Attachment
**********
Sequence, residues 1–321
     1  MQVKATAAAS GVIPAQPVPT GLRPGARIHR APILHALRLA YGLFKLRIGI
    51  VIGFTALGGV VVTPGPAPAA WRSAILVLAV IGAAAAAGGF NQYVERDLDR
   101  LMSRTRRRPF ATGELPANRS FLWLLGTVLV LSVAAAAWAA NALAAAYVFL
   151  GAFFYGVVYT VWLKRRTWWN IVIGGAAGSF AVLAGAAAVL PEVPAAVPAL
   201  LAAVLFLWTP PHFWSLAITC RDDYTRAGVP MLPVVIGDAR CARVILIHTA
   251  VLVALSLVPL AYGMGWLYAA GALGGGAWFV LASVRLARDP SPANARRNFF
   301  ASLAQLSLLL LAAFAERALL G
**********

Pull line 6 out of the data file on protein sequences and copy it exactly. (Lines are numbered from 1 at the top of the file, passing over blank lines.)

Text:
   201  LAAVLFLWTP PHFWSLAITC RDDYTRAGVP MLPVVIGDAR CARVILIHTA